I just knew that I was interested in this unnamed discipline that would help me understand human beings better. Continue Reading Interview I did my undergraduate work at Penn State University, a Master’s degree at Michigan State and got my doctorate degree in clinical psychology at Florida State. After getting my Ph D, I hung around in Tallahassee, Florida for a bit, worked, stayed on at the place where I’d done an internship.
Left there, took a job in Brooklyn, New York, at an outpatient psychiatric clinic, and there some of my interests around issues of diversity and race began to crystallize.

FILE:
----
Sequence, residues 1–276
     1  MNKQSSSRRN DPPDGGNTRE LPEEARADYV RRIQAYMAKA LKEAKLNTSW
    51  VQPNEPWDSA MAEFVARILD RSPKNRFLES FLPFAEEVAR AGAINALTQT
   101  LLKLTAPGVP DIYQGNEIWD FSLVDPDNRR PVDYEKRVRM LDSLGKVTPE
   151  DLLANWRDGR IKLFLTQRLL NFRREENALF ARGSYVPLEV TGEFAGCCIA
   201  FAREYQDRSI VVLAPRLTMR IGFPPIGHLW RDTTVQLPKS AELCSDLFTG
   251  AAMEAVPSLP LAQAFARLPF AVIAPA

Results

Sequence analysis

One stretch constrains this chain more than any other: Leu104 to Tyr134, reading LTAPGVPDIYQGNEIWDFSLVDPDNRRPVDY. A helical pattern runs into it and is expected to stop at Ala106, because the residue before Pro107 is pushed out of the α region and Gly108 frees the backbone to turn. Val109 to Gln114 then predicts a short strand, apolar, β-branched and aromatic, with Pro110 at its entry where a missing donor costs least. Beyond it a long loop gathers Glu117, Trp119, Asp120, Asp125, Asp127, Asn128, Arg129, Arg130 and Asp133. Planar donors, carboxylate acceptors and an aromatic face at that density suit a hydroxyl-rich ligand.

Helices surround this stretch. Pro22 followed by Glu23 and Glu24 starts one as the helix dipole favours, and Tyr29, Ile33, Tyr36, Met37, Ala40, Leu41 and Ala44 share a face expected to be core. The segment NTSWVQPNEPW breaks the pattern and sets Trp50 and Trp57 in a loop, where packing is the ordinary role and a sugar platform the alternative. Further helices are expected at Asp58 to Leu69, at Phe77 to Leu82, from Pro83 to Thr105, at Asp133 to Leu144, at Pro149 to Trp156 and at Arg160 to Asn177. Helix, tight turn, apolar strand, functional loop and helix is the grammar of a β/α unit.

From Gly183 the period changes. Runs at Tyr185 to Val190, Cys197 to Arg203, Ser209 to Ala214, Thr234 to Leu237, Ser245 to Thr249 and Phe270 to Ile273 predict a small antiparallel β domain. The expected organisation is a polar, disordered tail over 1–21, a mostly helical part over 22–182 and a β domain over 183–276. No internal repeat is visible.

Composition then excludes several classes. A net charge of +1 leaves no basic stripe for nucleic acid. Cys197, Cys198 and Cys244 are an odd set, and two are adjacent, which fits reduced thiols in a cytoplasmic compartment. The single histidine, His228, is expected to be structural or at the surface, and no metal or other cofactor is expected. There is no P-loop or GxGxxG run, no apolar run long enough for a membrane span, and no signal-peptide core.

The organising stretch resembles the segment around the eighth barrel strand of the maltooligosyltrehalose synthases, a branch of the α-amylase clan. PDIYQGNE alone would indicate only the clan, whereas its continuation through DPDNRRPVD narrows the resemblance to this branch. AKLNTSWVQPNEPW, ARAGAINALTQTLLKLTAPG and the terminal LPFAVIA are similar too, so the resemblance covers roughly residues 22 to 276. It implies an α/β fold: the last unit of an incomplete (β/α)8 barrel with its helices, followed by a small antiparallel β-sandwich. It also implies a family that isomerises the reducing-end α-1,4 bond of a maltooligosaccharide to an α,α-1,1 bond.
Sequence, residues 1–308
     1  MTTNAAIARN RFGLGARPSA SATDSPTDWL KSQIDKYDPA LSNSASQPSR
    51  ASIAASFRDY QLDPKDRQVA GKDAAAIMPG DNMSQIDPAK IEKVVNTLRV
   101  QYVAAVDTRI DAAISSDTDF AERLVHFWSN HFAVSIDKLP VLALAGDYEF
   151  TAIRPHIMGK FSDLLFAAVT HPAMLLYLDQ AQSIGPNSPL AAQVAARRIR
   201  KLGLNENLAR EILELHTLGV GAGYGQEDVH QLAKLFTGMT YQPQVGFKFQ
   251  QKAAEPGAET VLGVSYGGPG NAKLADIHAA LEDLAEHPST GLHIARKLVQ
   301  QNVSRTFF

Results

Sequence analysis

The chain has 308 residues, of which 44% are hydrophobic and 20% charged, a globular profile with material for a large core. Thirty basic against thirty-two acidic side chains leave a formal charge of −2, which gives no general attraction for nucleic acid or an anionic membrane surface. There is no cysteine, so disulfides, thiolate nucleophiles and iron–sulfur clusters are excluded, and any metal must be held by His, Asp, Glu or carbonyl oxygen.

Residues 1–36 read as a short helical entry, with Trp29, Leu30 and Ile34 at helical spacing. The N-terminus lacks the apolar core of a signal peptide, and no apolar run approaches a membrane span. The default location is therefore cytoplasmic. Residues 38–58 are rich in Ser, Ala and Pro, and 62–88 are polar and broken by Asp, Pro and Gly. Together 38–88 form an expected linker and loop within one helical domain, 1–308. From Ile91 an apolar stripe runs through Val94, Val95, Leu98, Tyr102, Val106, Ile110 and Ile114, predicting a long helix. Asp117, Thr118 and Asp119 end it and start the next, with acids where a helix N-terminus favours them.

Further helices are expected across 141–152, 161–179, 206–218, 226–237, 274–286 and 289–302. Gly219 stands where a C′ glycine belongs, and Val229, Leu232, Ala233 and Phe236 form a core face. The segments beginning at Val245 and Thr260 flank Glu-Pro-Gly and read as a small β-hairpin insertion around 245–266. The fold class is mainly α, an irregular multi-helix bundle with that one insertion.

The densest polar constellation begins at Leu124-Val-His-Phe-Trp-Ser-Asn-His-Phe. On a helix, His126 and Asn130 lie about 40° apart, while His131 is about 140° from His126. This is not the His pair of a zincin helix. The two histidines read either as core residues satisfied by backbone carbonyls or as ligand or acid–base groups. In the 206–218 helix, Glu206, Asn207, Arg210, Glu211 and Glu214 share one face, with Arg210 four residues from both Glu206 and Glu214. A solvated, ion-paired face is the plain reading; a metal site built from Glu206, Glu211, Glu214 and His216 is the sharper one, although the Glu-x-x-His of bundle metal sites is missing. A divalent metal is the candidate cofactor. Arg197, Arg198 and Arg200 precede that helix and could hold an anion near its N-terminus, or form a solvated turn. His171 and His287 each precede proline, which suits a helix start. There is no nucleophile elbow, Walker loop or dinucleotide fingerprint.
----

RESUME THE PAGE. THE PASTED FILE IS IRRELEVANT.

I realized after working at the outpatient psychiatric clinic that my training had prepared me in a way that I was a pretty good, decent white therapist.
I realized at that point that I was poorly trained and oftentimes challenged very directly by clients of color about the ways in which they felt I was not understanding or appreciative of their experiences; that was very enlightening for me.
What I mean is that I had gone to predominately white schools.
I struggled with how to take the theories and conceptual models I was exposed to and massage them to apply to individuals and families of color; I was pretty much left to do that myself.
There wasn’t someone to oversee, guide, and mentor me for that.
Today I want to talk to you about your work in ethnic studies, diversity, and social justice with a particular emphasis on how that impacts the work we do in psychotherapy.